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Healthy Microwavable Food

author image Sara Ipatenco
Sara Ipatenco has taught writing, health and nutrition. She started writing in 2007 and has been published in Teaching Tolerance magazine. Ipatenco holds a bachelor's degree and a master's degree in education, both from the University of Denver.
Healthy Microwavable Food
A microwaved omelette in a mug. Photo Credit Zoryanchik/iStock/Getty Images

A microwave oven can be a convenient addition to your kitchen because it speeds the cooking process and still produces flavorful and nutritious foods. While you cannot cook all foods in a microwave with good results, some foods fare just as well as they would in an oven or on a stove top. Keep your microwave in mind when cooking these foods, and you will be able to prepare healthy meals quickly.

Fresh Vegetables

Heating a bag of frozen vegetables is a common use for a microwave oven, but you can also use it to prepare fresh vegetables. Steaming vegetables in a covered microwave-safe dish allows them to retain their nutrients, including vitamin C, vitamin A, potassium and fiber. JoAnna M. Lund and Barbara Alpert, authors of "Cooking Healthy with a Microwave: A Healthy Exchanges Cookbook," suggest that vegetables like squash, carrots, bell peppers, celery, onions and mushrooms steam well in the microwave. Chop vegetables into chunks, sprinkle them with herbs and spices and cook them on medium-high until tender, about six to eight minutes.

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Hot Breakfast Cereal

Oatmeal, farina and other grain-based hot cereals are simple to prepare in the microwave and are nutritious as well. Whole grains, such as oatmeal, supply several grams of fiber per serving. Andrew Larson and Ivy Larson note in their book, "The Gold Coast Cure: The 5-Week Health and Body Makeover," that making a bowl of hot cereal only takes about one to two minutes and produces flavorful results. Place 1/2 cup of dry cereal in a microwaveable bowl and add between 1/2 cup and 3/4 cup of low-fat milk or soy milk. Heat for one minute, stir and heat for a few seconds more if it is not hot throughout. Add fresh fruit or nuts to your cereal for a nutrition boost.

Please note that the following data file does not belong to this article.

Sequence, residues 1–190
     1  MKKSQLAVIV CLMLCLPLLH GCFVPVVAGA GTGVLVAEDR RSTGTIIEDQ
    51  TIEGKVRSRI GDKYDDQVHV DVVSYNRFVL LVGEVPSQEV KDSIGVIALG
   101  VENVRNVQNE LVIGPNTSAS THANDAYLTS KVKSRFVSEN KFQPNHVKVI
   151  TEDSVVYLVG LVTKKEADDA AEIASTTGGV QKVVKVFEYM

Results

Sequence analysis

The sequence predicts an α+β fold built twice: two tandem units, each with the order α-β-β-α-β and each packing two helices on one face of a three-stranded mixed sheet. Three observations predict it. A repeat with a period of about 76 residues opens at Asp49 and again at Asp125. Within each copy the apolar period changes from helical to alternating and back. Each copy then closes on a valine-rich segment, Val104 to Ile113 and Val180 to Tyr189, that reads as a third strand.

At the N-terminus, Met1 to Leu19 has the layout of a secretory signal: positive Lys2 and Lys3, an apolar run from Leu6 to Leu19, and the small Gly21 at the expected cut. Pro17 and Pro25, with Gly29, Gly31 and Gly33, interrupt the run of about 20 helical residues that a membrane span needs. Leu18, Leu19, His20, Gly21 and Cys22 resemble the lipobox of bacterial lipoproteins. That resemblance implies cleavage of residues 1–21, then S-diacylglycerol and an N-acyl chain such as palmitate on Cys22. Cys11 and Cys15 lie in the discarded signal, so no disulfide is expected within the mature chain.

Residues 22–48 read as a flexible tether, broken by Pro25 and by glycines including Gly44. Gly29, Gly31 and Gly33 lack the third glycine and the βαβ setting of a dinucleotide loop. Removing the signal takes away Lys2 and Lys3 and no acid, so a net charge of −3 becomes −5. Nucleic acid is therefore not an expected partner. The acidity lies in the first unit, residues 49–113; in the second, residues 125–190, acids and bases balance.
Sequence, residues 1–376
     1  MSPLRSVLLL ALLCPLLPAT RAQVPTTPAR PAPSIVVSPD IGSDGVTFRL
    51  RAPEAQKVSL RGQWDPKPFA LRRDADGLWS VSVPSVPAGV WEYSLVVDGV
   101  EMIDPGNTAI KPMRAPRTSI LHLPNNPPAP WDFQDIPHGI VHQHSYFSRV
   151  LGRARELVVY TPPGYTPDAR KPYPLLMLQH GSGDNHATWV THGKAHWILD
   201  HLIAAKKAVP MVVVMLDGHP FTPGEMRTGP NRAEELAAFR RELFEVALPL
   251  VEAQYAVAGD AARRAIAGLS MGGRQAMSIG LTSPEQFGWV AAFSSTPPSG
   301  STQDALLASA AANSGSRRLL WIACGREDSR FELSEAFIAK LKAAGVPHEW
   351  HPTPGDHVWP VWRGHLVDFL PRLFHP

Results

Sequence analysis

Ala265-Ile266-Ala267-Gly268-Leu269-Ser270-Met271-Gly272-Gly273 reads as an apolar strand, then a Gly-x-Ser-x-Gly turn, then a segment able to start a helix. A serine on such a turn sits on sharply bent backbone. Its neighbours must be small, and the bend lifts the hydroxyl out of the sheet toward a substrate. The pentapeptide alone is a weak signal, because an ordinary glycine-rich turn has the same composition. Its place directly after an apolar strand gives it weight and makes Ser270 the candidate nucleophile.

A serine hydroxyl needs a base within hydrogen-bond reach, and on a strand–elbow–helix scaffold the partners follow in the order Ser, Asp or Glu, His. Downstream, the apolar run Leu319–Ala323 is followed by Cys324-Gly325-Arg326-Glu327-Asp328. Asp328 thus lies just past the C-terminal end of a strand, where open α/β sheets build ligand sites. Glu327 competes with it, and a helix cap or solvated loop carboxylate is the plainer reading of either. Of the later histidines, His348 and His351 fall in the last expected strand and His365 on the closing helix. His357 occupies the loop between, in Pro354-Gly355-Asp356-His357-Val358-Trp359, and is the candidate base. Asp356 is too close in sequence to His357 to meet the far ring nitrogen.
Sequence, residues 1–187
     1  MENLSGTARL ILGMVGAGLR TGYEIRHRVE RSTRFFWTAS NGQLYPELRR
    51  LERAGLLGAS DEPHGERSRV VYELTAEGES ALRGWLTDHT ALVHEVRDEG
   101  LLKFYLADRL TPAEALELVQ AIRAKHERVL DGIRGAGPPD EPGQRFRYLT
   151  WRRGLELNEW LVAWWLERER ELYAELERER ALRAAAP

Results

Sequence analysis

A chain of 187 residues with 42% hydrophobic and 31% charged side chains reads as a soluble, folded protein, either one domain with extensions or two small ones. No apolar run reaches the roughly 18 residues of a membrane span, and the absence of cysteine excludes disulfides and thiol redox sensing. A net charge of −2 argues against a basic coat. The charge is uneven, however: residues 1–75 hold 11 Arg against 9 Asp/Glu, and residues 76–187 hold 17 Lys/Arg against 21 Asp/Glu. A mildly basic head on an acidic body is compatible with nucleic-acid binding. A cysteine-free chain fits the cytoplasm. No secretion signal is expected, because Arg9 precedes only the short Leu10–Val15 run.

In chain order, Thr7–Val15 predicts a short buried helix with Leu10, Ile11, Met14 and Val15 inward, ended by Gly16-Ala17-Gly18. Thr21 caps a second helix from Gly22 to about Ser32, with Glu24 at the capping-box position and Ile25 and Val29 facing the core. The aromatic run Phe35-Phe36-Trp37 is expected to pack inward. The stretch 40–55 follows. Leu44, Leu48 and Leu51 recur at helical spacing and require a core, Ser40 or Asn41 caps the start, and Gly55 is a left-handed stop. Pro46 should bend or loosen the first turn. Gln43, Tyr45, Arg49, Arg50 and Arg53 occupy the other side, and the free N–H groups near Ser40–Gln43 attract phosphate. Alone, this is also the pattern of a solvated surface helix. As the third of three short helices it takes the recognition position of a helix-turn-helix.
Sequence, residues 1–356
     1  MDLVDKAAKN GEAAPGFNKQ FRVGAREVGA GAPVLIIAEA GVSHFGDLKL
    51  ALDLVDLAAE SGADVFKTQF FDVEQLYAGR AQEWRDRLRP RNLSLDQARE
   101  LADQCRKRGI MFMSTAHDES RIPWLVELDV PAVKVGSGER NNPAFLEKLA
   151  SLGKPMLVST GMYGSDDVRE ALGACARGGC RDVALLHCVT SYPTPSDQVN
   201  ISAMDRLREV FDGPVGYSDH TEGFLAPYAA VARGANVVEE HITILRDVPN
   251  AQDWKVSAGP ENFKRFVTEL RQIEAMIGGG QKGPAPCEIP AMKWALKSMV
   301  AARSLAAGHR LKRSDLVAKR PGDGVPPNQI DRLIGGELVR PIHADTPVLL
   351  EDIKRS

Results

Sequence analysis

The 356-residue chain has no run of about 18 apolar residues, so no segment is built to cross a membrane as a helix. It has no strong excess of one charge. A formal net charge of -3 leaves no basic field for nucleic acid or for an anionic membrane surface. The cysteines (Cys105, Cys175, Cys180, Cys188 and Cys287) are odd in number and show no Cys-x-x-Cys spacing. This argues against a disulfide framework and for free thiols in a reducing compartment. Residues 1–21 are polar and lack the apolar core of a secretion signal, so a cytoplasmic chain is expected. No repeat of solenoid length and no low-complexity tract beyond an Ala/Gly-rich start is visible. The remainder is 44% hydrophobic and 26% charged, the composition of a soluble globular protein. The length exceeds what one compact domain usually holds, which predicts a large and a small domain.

Scrambled eggs are a protein-packed food that can be prepared in the microwave rather than on the stove top. Lund and Alpert note that cooking eggs in the microwave yields fluffy and tasty results. Spray a large microwave-safe bowl with nonstick cooking spray. Crack in six to eight eggs, 1/4 cup of low-fat half and half and any desired spices. Stir in 1/4 cup of low-fat shredded cheddar cheese. Cover and microwave on medium-high for three to four minutes, or until the eggs are set and no longer runny. Stop after the first minute and stir the eggs. Top with salsa, tomatoes and onions for a meal that supplies protein and vitamin C.


Russet and sweet potatoes are nutritious foods that can be cooked in the microwave more quickly than in the oven. Russet potatoes supply a good amount of potassium and vitamin C, and sweet potatoes are a notable source of beta-carotene and fiber. Scrub the potatoes and pierce them with a sharp knife. Bake at medium-high heat for four minutes. Continue cooking one minute at a time until the potato is soft throughout. Slice open and top with low-fat plain yogurt or salsa. Another way to cook potatoes is to cube them, drizzle with olive oil and spices and cook until soft, about three to five minutes.

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  • "Cooking Healthy with a Microwave: A Healthy Exchanges Cookbook"; JoAnna M. Lund and Barbara Alpert; 2005
  • "The Gold Coast Cure: The 5-Week Health and Body Makeover"; Andrew Larson and Ivy Larson; 2006
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